A tall order, but she seems to be making real progress. While Lek started with only one elephant, there are now thirty six that live in the park. Much of the money used to purchase the elephants and their land comes from donations, and the park is constantly filled with volunteers and visitors who pay to spend time with the incredible animals that now call it home. She's also recently been featured in publications including National Geographic, CNN, BBC and TIME Magazine, and recognized both as one of "Asia's Heroes" and an "Outstanding Woman of Thailand".
Unsuprisingly there aren't any elephant rides at the park. Or painting shows. Or tricks. Many of the elephants have sustained permanent injuries from their time working in trekking camps and begging in the streets, and this is their time to finally just be themselves. Visitors are able to wander the grounds with guides, spending time meeting and feeding various elephants, bathing them and just soaking in the incredible environment.
And you quickly realize that that's all you need. Just being around the elephants is special enough, and we we were almost instantly so glad we hadn't signed up for one of the many Chiang Mai elephant rides, and rather had the time just to experience the animals and know that our money was going to an organization working to promote meaningful change in their lives.
Like most things, however, the issues is not as black and white as saying that the elephant trekking organizations are bad and Elephant Nature Park is good. Elephants require an astounding amount of care, 350-600 pounds of fresh food per day and over 150 liters of water. In order to keep their elephants alive, mahouts must use them to make money and the tourism industry is now their only option.
One of the things I loved about Elephant Nature Park is the fact that they understood this. While it would be wonderful if all elephants could live in the sanctuary, they know that this is not the reality, and thus they put a substantial amount of time and money into programs that help teach young mahouts how to care for their elephants and develop relationships with them that are not based around fear and violence. They welcome mahouts to bring their sick elephants in for free treatment at the sanctuary, and they respond to emergency calls from owners almost anywhere in Thailand.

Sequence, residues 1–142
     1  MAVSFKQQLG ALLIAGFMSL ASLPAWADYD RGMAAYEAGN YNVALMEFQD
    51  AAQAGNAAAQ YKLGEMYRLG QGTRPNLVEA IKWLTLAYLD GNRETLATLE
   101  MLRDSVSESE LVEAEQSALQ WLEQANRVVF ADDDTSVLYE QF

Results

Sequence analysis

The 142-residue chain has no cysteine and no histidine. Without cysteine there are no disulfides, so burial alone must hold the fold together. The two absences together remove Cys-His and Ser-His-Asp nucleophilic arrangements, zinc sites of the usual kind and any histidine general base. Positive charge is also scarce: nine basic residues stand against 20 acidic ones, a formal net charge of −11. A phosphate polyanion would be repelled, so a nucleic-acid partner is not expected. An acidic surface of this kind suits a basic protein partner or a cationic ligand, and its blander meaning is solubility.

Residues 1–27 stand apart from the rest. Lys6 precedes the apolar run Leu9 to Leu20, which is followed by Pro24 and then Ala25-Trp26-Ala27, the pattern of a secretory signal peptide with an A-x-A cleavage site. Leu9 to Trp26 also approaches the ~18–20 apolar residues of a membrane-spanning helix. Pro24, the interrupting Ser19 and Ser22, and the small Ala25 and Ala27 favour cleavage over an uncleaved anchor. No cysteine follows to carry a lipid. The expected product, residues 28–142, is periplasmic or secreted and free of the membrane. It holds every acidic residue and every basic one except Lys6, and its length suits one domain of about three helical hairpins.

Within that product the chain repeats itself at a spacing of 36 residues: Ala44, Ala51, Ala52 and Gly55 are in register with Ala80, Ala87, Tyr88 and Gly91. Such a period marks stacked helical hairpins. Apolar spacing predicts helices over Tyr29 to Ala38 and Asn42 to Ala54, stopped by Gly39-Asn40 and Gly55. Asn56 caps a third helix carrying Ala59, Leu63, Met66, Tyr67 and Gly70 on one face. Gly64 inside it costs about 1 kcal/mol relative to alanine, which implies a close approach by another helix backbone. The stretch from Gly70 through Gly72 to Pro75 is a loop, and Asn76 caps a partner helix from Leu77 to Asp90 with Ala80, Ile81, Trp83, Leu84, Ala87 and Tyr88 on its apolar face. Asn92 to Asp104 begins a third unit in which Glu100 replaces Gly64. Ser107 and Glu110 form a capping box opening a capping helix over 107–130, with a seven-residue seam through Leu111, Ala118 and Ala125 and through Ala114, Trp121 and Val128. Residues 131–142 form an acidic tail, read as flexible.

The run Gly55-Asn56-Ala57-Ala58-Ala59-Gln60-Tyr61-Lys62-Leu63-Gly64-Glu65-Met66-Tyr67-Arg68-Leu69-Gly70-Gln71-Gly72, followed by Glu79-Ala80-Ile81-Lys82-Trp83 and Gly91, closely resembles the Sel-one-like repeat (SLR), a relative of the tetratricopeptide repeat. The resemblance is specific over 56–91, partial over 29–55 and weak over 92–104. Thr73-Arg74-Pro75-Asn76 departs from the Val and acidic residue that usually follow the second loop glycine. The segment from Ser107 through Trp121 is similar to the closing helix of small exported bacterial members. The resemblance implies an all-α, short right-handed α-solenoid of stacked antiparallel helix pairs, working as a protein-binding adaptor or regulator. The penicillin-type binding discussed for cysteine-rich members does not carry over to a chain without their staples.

All in all, it was a magical and thought-provoking day. From the pain and guilt of watching documentaries showing how terribly many of these amazing animals are regularly treated by the people they trust, to then being able to walk outside and see them joyfully spraying water and dunking themselves in the sanctuary's river, it was a real journey and truly inspiring experience.
If you're ever in Chiang Mai, definitely take a trip north to the Elephant Nature Park. A day visit costs a hefty $80, which is substantially more than most elephant treks or $5 shows, but the experience is so worth it. If you like, you can also browse the Park's website to find tons of photos and full biographies for each of Lek's lovely animals, or even buy them a meal or sign up to adopt one for the year.
It's a wonderful place and we already miss it.